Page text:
A bilingual sign in a local farmers’ market. Photo by Daniela Gerson.
“Reporting Pushes Past Language and Ethnic Divides”
– Daniela GersonThe Alhambra Source was born out of an interest in the dynamic relationships among new technologies, everyday communication practices, and civic engagement in cities with diverse populations. It was inspired by the findings of Metamorphosis, a project that studies how globalization, new technologies, and diversity are transforming urban communities in the Los Angeles area. The aim of the project is to improve community life.
During the past decade, the Metamorphosis research team at the University of Southern California’s Annenberg School for Communication & Journalism has collected data in seven Los Angeles County communities, including Alhambra.
What they have learned led to a communication infrastructure theory, which goes like this: The exchange of neighborhood stories between residents, local media, and community organizations plays a crucial role in promoting neighborhood belonging, collective efficacy, and civic participation. When taken together, these three indicators provide a way to assess a neighborhood’s level of civic engagement.
Last year the team turned its attention to exploring the potential of the Internet in facilitating local storytelling and promoting civic engagement. This led to a partnership with the journalism school in developing Alhambra Source—and transformed theory into practice in this ethnically diverse city.
The three key indicators in the theory have particular meaning:
- Neighborhood belonging is about how residents in an area feel about their neighbors and interact with them.
- Collective efficacy measures how confident residents feel about relying on their neighbors in working together to solve community problems.
- Civic participation is a measure of how much residents participate in civic activities, such as voting in local elections and volunteering at the local library.
In a study that Metamorphosis did a decade ago, the researchers discovered that Chinese residents in the Alhambra area had the lowest level of neighborhood belonging when compared with those in six other residential areas in Los Angeles County. They weren’t surprised since many of Alhambra’s residents were recent immigrants from Asia who were adjusting to their adopted country. In 2009, focus groups involving Alhambra residents confirmed that many had low levels of neighborhood belonging, collective efficacy, and civic participation. There was also little interaction among the three main ethnic groups in the neighborhood—Asians, Latinos and Caucasians.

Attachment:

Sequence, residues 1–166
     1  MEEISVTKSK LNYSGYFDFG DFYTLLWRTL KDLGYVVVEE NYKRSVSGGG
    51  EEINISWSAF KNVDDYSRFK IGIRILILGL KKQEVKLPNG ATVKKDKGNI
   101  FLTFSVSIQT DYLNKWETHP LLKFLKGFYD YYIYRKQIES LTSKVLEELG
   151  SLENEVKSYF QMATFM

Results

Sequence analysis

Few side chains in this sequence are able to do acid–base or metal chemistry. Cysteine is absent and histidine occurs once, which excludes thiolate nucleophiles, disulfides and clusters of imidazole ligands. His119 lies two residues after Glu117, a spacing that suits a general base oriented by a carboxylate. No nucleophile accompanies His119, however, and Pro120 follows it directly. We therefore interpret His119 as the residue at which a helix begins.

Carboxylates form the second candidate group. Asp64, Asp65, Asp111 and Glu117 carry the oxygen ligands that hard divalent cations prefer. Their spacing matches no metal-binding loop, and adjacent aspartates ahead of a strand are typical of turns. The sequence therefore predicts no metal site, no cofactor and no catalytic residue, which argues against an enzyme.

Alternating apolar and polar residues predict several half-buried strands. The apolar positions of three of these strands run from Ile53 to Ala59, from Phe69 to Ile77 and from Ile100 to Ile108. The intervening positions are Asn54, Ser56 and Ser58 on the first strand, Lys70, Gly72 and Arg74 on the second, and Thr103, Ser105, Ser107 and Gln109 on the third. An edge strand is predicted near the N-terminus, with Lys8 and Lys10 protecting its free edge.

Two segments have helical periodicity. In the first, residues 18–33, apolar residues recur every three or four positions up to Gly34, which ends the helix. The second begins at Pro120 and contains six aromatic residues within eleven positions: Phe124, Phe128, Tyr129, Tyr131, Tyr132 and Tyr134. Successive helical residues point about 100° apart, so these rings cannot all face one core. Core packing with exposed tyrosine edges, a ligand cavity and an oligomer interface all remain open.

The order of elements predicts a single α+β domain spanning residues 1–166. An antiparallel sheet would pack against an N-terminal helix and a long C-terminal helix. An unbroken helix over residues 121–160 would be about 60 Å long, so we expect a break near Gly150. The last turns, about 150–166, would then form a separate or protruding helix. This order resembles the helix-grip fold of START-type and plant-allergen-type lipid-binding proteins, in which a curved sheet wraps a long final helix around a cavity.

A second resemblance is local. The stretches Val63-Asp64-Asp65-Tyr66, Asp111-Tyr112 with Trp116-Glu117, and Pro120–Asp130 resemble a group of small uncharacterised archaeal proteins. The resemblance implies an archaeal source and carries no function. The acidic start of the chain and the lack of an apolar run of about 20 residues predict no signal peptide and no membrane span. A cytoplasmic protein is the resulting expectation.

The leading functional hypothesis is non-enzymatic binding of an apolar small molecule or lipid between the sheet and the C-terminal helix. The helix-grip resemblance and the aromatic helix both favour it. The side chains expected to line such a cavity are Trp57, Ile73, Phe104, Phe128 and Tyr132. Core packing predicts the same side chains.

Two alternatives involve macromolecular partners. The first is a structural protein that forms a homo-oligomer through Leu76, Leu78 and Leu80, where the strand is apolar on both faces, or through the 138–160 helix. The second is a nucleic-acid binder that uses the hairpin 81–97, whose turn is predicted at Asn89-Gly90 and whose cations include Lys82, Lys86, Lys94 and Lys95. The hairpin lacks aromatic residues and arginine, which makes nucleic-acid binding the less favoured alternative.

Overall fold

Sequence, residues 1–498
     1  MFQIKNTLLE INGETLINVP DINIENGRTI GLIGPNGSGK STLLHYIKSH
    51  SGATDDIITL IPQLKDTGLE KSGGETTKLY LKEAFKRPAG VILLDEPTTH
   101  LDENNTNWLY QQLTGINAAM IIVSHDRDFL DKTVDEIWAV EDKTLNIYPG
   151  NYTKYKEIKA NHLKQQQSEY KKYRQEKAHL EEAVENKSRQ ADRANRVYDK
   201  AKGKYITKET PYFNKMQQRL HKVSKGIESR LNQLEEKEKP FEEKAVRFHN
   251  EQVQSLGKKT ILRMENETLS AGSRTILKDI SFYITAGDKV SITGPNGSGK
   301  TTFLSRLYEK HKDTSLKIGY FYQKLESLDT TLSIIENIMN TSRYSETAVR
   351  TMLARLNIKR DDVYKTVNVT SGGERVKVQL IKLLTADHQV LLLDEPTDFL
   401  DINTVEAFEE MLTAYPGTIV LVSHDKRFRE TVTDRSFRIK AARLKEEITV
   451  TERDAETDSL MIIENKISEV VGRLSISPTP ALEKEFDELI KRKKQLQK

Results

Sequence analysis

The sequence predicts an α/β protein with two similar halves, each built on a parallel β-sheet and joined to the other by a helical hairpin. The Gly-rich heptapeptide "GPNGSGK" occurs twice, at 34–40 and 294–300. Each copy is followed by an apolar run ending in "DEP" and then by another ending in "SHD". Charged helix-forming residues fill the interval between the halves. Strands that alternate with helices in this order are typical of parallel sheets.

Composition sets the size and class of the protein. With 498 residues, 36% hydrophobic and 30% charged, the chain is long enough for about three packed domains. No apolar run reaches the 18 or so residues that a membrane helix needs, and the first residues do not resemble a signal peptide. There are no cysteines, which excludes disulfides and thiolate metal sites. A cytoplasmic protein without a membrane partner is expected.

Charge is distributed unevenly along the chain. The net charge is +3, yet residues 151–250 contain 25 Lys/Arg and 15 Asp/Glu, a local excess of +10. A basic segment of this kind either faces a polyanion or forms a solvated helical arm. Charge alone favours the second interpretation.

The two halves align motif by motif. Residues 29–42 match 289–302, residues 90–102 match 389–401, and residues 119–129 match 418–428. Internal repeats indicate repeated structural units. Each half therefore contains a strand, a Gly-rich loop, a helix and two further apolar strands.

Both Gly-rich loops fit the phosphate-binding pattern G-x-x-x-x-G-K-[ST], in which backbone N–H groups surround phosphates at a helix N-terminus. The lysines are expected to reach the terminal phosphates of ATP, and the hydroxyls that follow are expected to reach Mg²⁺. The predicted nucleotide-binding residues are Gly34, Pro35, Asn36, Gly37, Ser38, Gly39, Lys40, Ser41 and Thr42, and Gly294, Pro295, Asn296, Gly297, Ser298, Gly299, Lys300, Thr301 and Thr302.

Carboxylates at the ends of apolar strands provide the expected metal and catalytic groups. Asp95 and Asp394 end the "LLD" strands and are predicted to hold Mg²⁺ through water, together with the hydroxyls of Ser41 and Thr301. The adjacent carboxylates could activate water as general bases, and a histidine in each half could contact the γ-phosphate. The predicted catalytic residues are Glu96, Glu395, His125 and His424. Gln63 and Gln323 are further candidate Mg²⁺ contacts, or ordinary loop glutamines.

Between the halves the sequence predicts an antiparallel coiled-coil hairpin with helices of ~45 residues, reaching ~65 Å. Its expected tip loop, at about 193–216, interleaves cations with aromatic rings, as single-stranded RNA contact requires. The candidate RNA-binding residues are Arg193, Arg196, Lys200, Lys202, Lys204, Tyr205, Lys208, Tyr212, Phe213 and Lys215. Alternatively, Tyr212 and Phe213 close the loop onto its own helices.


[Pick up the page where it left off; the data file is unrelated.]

This research team next looked at Alhambra-related stories in the news media. They found scant coverage of Alhambra in the mainstream and regional media; the only news outlet that solely focused on covering the city was a monthly Chamber of Commerce publication. It was this combination of almost no local storytelling and low levels of civic engagement that motivated the creation of Alhambra Source—an online storytelling platform that encourages residents and community organizations to produce, disseminate and discuss stories of importance to them.
Design of the website and decisions about key content also emerged out of focus group discussions with residents and in interviews with community organizations and local businesses. This process added voices to the results from a 2010 survey that collected data on residents’ practices for accessing local news and involvement with community organizations. Also measured then were levels of civic engagement and patterns of interaction among ethnic groups. These baseline data will be used in two years to measure the impact of Alhambra Source.
Nancy Chen is a researcher with Metamorphosis involved with investigating challenges to and opportunities for promoting civic engagement through local journalism in Alhambra, an ethnically diverse community in Los Angeles County. More information about Metamorphosis’s research and theory can be found at www.metamorph.org.